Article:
And there it was, wasn’t it.

Why the FUCK didn’t he just change? He could have saved himself and he didn’t.

“You know why he didn’t,” Jasper said softly and I saw rage pass over Neal’s face.

I hacked the tops off the carrots so hard that I left a divot in the cutting board. I did know why he didn’t change to save himself. Julian would rather have died than killed all those people — he’d rather die to prove he wasn’t a monster than live and prove he was.

I was crying all over my vegetables. I’ll never forgive him.

Neal went to see Julian after that. He was in there alone for a long time, while I started gently browning the onions and the root vegetables. We didn’t have broth, but it doesn’t matter really. I just poured in water. I didn’t know how to control the heat on a woodstove, but luckily soup isn’t needy. That’s why my mom learned to make it, and that’s why she taught me.

It made the cabin smell like home. I curled up on the couch and waited.

When Neal finally emerged he went directly outside, and Jasper and Celeste exchanged a quick look before Jasper hurried to follow him.

Which left me and Celeste alone in the cabin.

“You should have a moment alone with him,” Celeste said, getting up to stir the soup.

She was right of course, but I still felt like a cornered rabbit. I needed to go in there and see him, and say goodbye. I’d never get another chance to be alone with him. I wanted to be a coward and do the wrong thing until it was too late to do the right thing and then regret it for the rest of my life, but I didn’t want to do it in front of Celeste.

So I got up, I went to the back room, and I opened the door.

A bedside lamp was on. Julian was stretched out in bed under a fresh sheet, and once I saw him, I was honestly relieved. I don’t know what I was expecting to see in there, but it was just Julian. He could have been sleeping. It was him and it wasn’t.

So I crawled into bed beside him. I’m not really sure what the thinking was on that to be honest. I was just so tired, and he looked so relaxed. How many hotel rooms have we shared in the last year, you know? How many times have I flopped onto a strange bed next to him to watch tv while he scrolled through the internet looking for cases or wrote meticulous notes or did research. I could feel him suddenly, so close to me, like at any moment he might breathe under the sheet.

I closed my eyes and leaned into that feeling.

I can’t be the only one who does this, right? That thing where you take a mental half step sideways, at just the right moment, and suddenly, as if a door in your mind has opened, you can hear someone’s voice as if they were the room with you. Or maybe you catch the exact quirk of their expression in your minds eye. And you feel like if just stay still enough, and if you don’t over think it, you might stay there with them forever.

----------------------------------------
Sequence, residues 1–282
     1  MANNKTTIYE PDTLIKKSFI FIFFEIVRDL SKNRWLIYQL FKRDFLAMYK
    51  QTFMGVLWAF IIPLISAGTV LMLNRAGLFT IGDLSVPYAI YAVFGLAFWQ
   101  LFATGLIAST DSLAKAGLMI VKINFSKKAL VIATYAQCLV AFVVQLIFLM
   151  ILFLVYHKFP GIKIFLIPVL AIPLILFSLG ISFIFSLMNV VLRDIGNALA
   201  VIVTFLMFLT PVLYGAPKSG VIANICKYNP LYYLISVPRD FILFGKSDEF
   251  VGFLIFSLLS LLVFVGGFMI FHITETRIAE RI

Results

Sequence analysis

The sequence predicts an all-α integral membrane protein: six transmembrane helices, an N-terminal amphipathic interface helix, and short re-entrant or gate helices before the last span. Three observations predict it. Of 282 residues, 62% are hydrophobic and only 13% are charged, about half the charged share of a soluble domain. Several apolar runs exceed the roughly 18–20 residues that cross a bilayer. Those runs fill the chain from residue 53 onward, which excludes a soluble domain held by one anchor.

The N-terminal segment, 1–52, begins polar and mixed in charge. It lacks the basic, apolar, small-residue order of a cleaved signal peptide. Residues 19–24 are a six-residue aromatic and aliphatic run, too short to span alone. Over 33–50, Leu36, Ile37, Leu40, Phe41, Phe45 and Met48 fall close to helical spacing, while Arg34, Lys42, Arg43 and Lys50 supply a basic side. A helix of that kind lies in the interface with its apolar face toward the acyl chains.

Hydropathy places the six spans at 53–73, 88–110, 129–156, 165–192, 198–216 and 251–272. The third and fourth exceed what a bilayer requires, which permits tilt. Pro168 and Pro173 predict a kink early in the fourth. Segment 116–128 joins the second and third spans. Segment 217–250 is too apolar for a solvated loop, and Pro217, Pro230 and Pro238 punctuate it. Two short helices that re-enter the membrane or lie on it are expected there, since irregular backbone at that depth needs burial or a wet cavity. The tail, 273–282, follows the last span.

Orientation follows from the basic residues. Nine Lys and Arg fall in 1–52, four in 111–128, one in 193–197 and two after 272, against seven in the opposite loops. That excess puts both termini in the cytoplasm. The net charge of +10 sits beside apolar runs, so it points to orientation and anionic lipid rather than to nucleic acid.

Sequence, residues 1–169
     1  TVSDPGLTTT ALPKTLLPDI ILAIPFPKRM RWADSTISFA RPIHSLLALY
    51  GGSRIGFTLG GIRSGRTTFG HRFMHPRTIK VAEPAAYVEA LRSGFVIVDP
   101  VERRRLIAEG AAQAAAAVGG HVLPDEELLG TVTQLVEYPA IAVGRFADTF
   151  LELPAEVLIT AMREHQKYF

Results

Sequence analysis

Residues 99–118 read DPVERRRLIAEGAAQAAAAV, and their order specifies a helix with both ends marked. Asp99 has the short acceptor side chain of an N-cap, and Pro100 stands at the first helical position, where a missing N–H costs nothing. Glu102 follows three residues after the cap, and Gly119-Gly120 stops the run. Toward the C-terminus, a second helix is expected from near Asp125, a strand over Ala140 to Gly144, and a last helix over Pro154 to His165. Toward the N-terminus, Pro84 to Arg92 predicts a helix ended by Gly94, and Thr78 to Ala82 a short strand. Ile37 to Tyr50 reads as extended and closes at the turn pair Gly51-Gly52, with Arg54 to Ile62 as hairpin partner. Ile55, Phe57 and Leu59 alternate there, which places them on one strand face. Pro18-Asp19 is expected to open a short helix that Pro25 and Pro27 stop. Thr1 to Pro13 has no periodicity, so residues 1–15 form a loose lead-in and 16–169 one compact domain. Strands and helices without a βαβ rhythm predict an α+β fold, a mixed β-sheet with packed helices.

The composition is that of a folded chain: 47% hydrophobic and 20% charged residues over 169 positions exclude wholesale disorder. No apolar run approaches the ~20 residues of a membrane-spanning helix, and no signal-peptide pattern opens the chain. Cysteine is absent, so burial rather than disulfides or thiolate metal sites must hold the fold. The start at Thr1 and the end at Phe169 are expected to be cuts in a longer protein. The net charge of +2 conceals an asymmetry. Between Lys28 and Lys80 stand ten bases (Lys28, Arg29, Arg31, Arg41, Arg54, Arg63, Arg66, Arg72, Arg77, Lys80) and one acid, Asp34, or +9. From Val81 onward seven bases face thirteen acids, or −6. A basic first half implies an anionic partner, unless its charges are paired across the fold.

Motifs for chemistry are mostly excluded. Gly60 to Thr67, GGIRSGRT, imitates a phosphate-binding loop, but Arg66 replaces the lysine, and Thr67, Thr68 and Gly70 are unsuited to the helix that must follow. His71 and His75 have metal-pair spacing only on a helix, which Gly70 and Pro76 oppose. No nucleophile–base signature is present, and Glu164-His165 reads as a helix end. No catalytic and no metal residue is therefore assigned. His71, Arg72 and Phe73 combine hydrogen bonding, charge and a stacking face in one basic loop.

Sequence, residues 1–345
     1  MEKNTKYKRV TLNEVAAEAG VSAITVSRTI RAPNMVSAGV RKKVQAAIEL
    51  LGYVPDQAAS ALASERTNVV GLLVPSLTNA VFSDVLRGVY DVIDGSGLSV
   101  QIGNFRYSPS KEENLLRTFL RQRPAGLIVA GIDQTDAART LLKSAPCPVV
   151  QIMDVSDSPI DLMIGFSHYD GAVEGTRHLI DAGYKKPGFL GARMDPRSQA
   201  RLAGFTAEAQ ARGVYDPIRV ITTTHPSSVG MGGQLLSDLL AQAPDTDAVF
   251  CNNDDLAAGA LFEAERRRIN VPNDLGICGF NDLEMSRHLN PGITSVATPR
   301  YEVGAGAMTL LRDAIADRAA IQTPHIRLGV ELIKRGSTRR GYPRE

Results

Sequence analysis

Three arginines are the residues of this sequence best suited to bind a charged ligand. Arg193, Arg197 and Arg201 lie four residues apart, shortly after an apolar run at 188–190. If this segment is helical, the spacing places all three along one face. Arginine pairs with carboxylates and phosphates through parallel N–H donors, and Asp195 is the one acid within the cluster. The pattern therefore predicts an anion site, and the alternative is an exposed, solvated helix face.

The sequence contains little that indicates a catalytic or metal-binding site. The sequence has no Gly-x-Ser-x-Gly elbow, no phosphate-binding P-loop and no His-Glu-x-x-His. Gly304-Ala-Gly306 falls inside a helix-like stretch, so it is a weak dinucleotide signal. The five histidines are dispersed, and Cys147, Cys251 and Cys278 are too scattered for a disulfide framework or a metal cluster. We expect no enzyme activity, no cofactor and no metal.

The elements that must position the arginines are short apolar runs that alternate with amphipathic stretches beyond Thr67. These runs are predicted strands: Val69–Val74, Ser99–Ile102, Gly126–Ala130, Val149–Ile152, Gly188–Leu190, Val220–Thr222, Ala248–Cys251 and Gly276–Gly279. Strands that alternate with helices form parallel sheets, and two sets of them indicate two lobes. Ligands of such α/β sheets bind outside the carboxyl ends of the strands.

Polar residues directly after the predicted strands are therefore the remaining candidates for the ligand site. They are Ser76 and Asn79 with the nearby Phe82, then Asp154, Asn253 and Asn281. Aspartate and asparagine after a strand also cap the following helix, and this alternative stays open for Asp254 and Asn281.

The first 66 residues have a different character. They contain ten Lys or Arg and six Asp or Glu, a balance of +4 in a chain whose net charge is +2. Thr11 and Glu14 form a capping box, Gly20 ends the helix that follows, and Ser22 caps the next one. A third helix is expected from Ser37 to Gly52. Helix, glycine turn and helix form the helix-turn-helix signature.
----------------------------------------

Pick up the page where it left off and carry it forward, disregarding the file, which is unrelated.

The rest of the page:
The room was so agonizingly quiet. But then again —

He was right there. The depth of his quiet, a stillness so profound, and so trustworthy you could miss that there was a creature down there at the bottom of that quiet, something that could tear the whole world down if he let it.

I thought that he must have felt some satisfaction at the end, knowing he’d finally defeated that creature, that it had no more power over him. From his perspective he had passed the final test.

In my mind’s eye I could see the exact way he looked down when he smiled and I felt a horrible sear of pain at the injustice of it all.

I was angry. How dare I come back while he had to stay gone?

How dare he be dead and meanwhile I’ve got a little parasite growing inside me whether I like it or not?

I wanted to scream and rage and burn things at the helplessness of it, our absolute powerlessness over life and death.

And I swear the thought only lasted a moment. Just the briefest moment. I thought if I could just grab the little squirming worm of life from the place I didn’t want it, and put it in the place I did — that would seem fair. That would be just.

I could feel Julian there in the room with me, so clear. The soft sadness of him — the deep calm and distant danger. I thought if I could just offer him a little of the chaos knotted at the center of me —

And then, from deep inside me, a strange kick of pain. It shocked me out of my spiraling thoughts and I sat up. So abruptly that I almost missed it when Julian, behind me, sighed.

I froze.

Julian twitched, distinctly, and my mind whirled — did that happen? Was this bloat? Did rigor mortis make corpses jerk?

I braced myself, and slowly, slowly twisted to look — just in time for Julian’s eyes to blink open.

He opened his mouth and a horrible, rattling breath came out. I scrambled away from him on my hands and butt like a crab, tumbled off the bed and landed on the threadbare rug.

I thought the worst. I thought they’d done something to him worse than death, something to torture us and was frantically trying to figure out what to do before Neal had to deal with it, when Julian’s body croaked, “Shiloh?”

And then he blinked, and looked around, and added, “where am I?” He raised a hand to his head and then groaned. “God I feel awful. What happened?”

I just stared at him, chest heaving.

“Julian?” I whispered.

“Where’s Neal?” he said, and when he noticed my face he added, “are you okay?”

“Is that you?”

He smiled a little. “Yeah?” He furrowed his brow. “Everything okay Shiloh? Fuck, I feel… hungover? Did we black out last night?”

He sat up and I literally flinched back from him, terrified, and his brow furrowed. “Are you okay? Did something happen?” And then with a frown: “Am I naked?”

It was Julian. I don’t know how I knew but I knew.

“What’s the last thing you remember?” I asked.

He screwed up his face, thinking back. “I was with the Allens,” he said. He pressed a hand to his head. “They wanted me to change. Fuck.” He looked up at me, and his tone changed. “Where’s Neal?”

My heart was beating so fast I thought I was gonna pass out.

“I’ll um…” I cleared my throat. “I’ll go get him.”

“Okay,” Julian said, wrapping the sheet around him and starting to get up.

“No!” I said. “No, it’s okay, uh… you just stay here, I’ll go get him.”